School leavers are being paid as little as £1 an hour for certain jobs because they are excluded from the minimum wage.
Research analysis published this week by the pressure group the Low Pay Network shows 16-year-olds employed as hairdressers earned £1.53 per hour on average, with 17-year-olds in the same job earning £1.60.
Some employers in the hairdressing and retail sectors were found to be offering jobs to 16- and 17-year-olds for rates as low as £1 per hour.
The research was based on data from careers services across the country and was commissioned by the Low Pay Commission to gauge the impact of the minimum wage for the Government.
It comes as the Government promoted the increased national minimum wage youth rate to £3.20, which came into force last week for 18- to 21-year-olds. It says 150,000 young workers will benefit from this 20p increase.
The research points out that under wages councils young people used to receive minimum wage protection, which would have meant hairdressers aged 16 would have been paid £2.04 an hour in April 1999 if their old minimum wage was adjusted according to inflation.
But despite inequalities across some sectors the average hourly rate for 16-year-olds is £2.36. For 17-year-olds the average is £2.50.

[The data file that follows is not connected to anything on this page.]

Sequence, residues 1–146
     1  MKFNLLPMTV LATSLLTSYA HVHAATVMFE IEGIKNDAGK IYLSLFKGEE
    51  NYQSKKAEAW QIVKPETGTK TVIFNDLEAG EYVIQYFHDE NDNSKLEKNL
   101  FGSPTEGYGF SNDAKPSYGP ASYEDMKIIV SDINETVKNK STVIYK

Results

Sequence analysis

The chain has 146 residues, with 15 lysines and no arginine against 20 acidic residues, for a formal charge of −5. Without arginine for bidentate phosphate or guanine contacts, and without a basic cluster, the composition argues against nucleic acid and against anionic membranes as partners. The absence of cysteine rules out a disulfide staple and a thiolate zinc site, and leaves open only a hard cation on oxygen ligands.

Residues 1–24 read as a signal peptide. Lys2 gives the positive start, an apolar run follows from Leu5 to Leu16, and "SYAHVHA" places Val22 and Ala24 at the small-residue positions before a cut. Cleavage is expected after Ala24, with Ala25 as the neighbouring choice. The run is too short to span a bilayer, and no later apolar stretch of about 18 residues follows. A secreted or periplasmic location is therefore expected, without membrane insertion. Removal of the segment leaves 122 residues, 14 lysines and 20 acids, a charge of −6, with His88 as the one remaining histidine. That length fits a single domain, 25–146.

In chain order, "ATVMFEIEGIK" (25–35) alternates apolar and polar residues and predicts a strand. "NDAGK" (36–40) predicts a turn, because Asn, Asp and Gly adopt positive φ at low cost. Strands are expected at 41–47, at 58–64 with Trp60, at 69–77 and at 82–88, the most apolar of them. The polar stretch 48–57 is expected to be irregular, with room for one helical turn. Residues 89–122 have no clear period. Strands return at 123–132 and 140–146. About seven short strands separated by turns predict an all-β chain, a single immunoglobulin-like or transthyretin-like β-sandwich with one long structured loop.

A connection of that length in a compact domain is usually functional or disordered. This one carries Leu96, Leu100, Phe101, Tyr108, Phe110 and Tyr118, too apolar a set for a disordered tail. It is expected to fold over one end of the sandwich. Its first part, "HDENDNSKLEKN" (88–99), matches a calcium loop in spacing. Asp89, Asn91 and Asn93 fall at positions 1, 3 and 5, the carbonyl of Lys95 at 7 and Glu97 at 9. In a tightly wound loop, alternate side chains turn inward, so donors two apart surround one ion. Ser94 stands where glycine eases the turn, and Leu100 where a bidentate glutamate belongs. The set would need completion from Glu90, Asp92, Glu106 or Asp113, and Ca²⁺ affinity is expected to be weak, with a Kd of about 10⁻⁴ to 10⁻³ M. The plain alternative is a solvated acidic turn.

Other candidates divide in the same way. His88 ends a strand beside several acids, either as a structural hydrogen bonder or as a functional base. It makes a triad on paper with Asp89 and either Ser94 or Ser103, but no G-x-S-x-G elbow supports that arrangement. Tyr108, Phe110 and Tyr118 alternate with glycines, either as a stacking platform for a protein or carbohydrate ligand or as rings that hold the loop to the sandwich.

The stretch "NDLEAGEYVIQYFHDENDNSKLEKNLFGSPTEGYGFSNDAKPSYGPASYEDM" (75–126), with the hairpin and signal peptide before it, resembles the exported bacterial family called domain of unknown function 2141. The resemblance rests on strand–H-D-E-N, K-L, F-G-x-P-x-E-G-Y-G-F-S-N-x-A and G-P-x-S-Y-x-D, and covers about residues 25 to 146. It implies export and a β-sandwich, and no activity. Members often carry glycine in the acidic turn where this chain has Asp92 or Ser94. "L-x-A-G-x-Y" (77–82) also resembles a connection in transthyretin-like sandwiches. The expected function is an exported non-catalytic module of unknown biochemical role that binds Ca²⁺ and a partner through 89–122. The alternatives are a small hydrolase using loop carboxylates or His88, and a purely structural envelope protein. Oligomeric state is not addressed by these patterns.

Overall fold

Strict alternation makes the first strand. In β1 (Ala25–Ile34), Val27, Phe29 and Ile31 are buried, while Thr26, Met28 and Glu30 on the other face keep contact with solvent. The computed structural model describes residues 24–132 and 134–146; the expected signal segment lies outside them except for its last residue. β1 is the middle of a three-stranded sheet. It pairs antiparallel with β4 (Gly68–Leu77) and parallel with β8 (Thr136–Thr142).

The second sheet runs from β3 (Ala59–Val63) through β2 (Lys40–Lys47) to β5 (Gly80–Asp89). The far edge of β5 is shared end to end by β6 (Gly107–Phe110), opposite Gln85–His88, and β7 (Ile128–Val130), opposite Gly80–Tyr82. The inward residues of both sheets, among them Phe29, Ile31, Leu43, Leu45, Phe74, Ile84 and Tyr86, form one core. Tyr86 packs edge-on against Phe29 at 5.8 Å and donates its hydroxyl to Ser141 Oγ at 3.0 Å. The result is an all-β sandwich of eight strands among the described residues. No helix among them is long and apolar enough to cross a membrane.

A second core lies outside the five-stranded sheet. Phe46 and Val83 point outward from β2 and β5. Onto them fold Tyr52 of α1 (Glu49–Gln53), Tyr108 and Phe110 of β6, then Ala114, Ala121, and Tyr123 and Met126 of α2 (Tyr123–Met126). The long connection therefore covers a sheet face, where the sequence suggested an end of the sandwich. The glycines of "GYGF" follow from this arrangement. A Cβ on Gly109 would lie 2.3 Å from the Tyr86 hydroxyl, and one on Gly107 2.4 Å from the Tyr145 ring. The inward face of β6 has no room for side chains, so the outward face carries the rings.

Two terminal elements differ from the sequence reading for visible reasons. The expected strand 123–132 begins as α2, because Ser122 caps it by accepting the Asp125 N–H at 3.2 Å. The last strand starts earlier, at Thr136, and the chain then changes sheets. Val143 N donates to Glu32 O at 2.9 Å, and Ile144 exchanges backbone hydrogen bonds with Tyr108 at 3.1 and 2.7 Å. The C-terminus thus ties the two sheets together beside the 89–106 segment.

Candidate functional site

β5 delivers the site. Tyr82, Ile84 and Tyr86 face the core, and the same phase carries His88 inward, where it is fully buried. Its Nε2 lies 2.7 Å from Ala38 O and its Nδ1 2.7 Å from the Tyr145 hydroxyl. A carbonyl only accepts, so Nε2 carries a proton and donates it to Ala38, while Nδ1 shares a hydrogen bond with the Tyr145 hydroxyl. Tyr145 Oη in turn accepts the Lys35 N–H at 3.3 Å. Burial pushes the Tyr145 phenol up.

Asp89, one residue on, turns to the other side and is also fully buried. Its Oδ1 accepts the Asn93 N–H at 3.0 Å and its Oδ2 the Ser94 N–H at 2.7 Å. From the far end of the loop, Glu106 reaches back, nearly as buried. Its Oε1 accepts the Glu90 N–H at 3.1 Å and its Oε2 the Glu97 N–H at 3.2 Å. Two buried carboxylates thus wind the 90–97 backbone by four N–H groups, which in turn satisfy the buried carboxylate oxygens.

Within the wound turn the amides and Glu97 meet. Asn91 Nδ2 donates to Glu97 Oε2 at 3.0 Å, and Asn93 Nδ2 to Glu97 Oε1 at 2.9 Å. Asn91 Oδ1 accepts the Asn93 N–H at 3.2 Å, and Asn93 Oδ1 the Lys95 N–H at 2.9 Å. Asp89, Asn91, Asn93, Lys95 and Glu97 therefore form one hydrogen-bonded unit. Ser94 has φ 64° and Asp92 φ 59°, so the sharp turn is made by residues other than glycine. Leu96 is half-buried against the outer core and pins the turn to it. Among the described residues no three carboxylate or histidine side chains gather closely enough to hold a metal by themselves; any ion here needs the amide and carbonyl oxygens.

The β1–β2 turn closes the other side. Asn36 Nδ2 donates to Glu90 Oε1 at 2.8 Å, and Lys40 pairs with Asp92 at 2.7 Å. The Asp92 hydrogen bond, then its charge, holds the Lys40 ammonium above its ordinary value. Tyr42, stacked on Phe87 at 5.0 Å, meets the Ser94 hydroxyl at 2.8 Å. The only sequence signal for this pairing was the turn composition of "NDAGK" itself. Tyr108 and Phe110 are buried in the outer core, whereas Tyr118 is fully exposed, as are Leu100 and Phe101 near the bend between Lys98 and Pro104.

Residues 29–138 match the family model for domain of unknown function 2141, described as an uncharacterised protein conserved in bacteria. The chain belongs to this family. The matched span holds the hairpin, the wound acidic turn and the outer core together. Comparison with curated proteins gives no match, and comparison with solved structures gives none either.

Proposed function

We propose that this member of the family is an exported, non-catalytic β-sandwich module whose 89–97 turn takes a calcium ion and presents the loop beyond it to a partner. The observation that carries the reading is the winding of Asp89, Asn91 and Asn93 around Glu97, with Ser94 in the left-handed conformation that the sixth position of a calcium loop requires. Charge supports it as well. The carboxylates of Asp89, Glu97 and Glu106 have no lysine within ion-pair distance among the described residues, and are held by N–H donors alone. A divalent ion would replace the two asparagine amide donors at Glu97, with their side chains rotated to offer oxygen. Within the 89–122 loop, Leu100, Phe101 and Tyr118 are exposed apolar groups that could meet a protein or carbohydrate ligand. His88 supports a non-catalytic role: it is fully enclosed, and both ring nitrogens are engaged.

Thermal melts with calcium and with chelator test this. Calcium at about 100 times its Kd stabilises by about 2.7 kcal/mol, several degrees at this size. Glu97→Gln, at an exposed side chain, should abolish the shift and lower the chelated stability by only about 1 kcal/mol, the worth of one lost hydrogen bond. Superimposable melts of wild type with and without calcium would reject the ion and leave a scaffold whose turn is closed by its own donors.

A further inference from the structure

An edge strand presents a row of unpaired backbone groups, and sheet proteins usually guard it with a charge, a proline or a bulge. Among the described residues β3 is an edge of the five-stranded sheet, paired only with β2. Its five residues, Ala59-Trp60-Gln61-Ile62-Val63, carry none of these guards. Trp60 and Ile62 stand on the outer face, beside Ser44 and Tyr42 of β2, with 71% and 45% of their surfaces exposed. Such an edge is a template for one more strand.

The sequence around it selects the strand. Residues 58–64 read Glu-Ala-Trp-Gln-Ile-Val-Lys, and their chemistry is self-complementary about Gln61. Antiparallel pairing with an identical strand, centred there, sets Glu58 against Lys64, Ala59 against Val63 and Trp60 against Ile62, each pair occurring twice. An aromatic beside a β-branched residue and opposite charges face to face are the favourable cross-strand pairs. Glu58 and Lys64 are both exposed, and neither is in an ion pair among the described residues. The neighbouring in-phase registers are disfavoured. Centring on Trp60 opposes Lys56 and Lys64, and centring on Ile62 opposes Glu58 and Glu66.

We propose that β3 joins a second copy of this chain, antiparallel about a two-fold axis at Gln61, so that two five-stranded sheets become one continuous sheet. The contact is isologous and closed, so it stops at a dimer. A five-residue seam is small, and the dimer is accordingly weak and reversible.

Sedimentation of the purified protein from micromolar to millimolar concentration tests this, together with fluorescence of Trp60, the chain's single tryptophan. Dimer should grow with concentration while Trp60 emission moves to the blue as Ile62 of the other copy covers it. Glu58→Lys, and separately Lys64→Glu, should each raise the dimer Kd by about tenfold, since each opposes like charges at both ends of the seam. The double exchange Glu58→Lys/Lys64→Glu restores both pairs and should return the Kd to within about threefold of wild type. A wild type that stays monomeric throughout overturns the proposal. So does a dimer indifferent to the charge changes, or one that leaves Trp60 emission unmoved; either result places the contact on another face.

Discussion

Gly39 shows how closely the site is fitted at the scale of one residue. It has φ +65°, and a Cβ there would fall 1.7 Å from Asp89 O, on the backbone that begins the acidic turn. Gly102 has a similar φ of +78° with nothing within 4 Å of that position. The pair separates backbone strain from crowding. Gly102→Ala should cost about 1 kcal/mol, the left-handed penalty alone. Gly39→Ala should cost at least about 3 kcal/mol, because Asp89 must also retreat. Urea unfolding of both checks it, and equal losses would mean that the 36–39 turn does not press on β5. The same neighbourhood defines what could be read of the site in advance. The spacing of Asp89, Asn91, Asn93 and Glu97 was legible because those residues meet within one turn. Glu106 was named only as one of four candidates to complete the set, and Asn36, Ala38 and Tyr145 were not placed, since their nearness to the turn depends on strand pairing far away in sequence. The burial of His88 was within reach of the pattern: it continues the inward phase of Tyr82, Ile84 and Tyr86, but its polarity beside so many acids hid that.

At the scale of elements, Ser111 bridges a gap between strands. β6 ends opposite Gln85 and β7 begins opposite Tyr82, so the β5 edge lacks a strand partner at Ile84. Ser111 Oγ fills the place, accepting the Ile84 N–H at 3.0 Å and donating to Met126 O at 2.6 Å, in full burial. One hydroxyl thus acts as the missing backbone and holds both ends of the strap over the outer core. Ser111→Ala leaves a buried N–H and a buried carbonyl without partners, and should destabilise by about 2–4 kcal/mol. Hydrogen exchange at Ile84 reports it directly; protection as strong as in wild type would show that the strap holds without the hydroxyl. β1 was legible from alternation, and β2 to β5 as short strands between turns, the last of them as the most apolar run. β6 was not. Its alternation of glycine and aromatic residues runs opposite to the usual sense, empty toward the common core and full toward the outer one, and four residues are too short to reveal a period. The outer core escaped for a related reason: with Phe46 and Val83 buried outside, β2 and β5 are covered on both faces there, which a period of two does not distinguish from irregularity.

The report argues it would be feasible to set a minimum wage for 16- and 17-year-olds at a proportion of the £3.20 rate to protect young people from exploitation.
But Martin Couchman of the British Hospitality Association said introducing a minimum wage for people aged 16 to 17 could stop employers offering jobs to school leavers.
He said, “If the wage was set at around £3 per hour that would mean many industries would not offer young people any employment.
“In hairdressing, young people are often paid in tips – which are obviously paid in cash by the customer and are not accounted for by the minimum wage. This is also an issue in the hotel and restaurant industry.”
• The report The National Minimum Wage: Impact of Young People is available from the Greater Manchester Low Pay Unit, 0161-953 4078, or from regional low pay units, priced £8.